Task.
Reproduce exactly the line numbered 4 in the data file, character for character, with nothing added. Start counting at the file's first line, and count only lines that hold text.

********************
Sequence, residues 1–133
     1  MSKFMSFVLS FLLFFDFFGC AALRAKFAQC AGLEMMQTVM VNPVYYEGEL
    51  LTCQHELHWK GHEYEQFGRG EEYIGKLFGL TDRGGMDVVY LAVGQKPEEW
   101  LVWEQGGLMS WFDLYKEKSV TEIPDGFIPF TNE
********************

   101  LVWEQGGLMS WFDLYKEKSV TEIPDGFIPF TNE